Cara's Team Pick
Morning, friends! Guess what? I've got lovely news. Today is one of those good days! No, not the Sunday Funday kind. The kind where approximately fifty badass and talented women have decided to lipsync to a politically relevant 1960s pop hit for you. It's a gift! Go ahead, open it:
This pro-Obama Women Voter Call to Action PSA is the brainchild of cabaret artist and Citizen's Band cofounder Sarah Sophie Flicker (she's the one in the flower crown) and filmmaker Maximilla Lukacs, and like others we've seen recently, is much better than the higher-budget ones that have been put out this election cycle. For one thing, it has bypassed the ordinary Very Grave Piano Music in favor of Lesley Gore's pioneering feminist anthem, "You Don't Own Me." That song is a better pump-up than coffee, which is lucky, because it's going to be stuck in your head all day now.
For another, it's a showcase of very cool people being goofy on their webcams for a good cause. I don't know if it's the nostalgia factor or the populist charm or what, but something about seeing celebrities eat noodles in sweatpants and play with their guinea pigs and try to outdo each others' ferocious lip-sync faces just charms the heck out of me (even when I don't recognize them – who are you, queer-repping polka dot girl?). They just keep popping up! Hey, Miranda July, may I borrow a book? Wait, Tavi Gevinson, can you even vote yet? Blink and you'll miss one. (Yes, that was Carrie Brownstein in red plaid and a smile). It's like Whack-A-Mole, but with artists/musicians/writers/fashion designers in place of the plastic moles, and rather than clobbering them, you just swoon repeatedly. I guarantee you will have two to eight new crushes by the end.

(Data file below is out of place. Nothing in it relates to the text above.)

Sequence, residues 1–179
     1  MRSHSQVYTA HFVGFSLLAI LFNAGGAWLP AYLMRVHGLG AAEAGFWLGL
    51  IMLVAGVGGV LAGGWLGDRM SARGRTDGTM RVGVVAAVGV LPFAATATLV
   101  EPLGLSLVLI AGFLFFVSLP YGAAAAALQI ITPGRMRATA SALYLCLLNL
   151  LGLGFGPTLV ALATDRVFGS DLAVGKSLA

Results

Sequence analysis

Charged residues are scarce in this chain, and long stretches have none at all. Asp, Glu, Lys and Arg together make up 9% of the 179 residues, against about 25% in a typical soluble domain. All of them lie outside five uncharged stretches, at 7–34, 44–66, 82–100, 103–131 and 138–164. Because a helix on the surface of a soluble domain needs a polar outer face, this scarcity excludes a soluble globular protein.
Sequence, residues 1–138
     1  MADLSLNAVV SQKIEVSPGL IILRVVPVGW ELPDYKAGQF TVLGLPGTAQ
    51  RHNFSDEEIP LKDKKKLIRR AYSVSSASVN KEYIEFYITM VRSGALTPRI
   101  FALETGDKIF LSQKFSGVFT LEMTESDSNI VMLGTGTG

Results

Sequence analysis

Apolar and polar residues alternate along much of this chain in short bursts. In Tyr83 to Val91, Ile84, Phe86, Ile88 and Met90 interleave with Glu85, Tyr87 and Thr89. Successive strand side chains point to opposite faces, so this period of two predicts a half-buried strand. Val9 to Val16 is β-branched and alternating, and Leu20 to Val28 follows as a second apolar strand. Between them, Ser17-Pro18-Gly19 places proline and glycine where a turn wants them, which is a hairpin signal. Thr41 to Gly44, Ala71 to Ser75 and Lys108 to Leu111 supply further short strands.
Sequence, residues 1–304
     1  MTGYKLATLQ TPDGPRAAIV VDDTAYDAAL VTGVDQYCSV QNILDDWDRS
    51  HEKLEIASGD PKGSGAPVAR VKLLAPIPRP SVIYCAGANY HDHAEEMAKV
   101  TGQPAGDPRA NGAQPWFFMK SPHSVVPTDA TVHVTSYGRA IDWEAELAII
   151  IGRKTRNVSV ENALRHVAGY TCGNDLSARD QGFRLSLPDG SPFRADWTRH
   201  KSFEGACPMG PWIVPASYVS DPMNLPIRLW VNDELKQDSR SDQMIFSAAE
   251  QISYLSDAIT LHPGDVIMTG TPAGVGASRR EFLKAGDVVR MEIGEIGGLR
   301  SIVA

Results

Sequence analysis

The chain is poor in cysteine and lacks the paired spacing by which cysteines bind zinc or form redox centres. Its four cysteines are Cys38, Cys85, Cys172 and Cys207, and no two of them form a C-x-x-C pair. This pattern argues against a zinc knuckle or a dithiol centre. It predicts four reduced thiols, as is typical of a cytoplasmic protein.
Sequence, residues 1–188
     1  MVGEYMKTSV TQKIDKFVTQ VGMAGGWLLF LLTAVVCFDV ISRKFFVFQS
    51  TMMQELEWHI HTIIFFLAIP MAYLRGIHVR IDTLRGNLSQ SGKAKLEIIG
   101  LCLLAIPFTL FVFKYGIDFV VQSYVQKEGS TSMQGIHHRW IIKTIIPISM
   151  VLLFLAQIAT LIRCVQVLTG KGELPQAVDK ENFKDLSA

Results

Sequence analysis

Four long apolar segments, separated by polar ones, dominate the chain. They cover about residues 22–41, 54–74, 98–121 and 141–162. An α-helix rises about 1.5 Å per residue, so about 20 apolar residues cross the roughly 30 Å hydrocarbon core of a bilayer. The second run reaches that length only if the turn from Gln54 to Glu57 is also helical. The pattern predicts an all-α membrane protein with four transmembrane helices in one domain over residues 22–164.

Finally, there's the message, which is clear, simple, and well-expressed via intertitles and cute signs: women wield a huge amount of democratic power (in 2008, 60% of voters were women!) and we should a) use it, in general, and b) preferably to support candidates who will then support us, by fighting for equal rights, equal pay, and health care that belongs in this century. As Lesley Gore puts it, "I recorded You Don't Own Me in 1964 . . . it's hard for me to believe, but we're still fighting for the same things we were then."